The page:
It’s Thanksgiving weekend here in Canada and I am looking forward to many things not least the feast that I am to prepare (because no one else volunteered). This year will be the first time – ever – that I’ll be attempting apple pie. So if you have any advice or tips (like which are the best apples for pie?) please leave me a comment. Much appreciated 🙂
It will also be the first year we’ll be celebrating without the Mr. because he’s away on business. It is also why there will be apple pie – Mr. hates apple pie as much as he does anything with coconut which is to say he hates it A Lot. He doesn’t even believe in using it as a beauty aid which is a pity really, I love coconut.
So anyway, the boys and I have decided we will end up celebrating again in November with our American neighbours. I have no complaints. Life is always cause for celebration.
Our family has been celebrating Thanksgiving for eleven years now despite only living in Canada for seven years. We started celebrating in South Africa before we knew we had been accepted into Canada and I think this act of faith or practical magic definitely helped pave the way to our new home. I am a firm believer in ‘acting as if…’ are you?
Of course what made this extra special and powerful is that we started giving thanks BEFORE we got what we wanted. That’s the secret you see, give thanks not only for what you have (and we all have a lot – don’t believe me? use the bathroom or open a tap) but also give thanks for what you hope to attain as if you have already received it.
We went to a whole lot of trouble to find a turkey in South Africa in November (we didn’t realize Canadians celebrate in October). We went to various (very expensive) speciality stores and got presented with game meat like grouse, quail and the obligatory South African ostrich but no turkey. We drove out of the city and into the smaller towns and asked around and found butchers (and farm hands) selling crocodile and wildebeest, which the Mr insisted on sampling. I tried the crocodile and I’d like to say it tasted like chicken but really it tasted of silt and muddy banks.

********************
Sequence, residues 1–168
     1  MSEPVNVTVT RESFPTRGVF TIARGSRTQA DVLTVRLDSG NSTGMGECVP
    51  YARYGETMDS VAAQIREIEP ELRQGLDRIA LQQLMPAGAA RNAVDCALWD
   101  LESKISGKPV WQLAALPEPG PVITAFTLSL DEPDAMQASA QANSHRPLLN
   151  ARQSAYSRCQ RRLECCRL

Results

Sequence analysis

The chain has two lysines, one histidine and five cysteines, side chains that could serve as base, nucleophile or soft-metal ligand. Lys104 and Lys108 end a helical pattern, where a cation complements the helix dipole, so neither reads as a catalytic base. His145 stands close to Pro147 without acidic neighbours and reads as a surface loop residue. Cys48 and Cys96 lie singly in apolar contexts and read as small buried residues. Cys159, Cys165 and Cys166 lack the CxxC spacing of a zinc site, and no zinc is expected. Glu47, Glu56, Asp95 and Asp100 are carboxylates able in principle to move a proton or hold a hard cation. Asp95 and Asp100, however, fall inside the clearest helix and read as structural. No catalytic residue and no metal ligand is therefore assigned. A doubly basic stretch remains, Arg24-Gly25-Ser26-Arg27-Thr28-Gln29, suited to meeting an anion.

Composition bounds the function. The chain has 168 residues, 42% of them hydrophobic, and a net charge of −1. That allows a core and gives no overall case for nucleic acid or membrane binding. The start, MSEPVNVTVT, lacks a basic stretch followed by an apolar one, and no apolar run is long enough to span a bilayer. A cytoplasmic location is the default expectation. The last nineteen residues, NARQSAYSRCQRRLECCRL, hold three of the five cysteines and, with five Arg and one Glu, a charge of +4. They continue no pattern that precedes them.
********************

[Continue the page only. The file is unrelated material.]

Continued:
We found a turkey in the most unlikely of places. Or maybe it was likely but we were nevertheless pleasantly surprised. When venturing far and beyond city limits we always stopped at our favourite ‘country restaurant’ for brunch or dinner or anything in between. That day, we chose a table by the window with a view of the duck pond and the rolling green mountains and – yes you guessed it! – spotted a gobble of turkeys.
The Mr wasted no time in ordering one to the waiter’s amazement. I hate to think we claimed for ourselves one of those tame ‘petting zoo’ types though I have a hard time imagining a turkey subjecting itself to a few childish pats on the head.
A lot has changed since then. We noticed when we visited South Africa last year that turkey is sold in most stores. In fact I got the distinct impression that more people were celebrating their own version of Thanksgiving which makes my heart smile.
To my Canadian friends Happy Thanksgiving! and if you live in a country where they don’t recognize Thanksgiving as a holiday don’t let that stop you from celebrating the harvest and the many blessings in your life ❤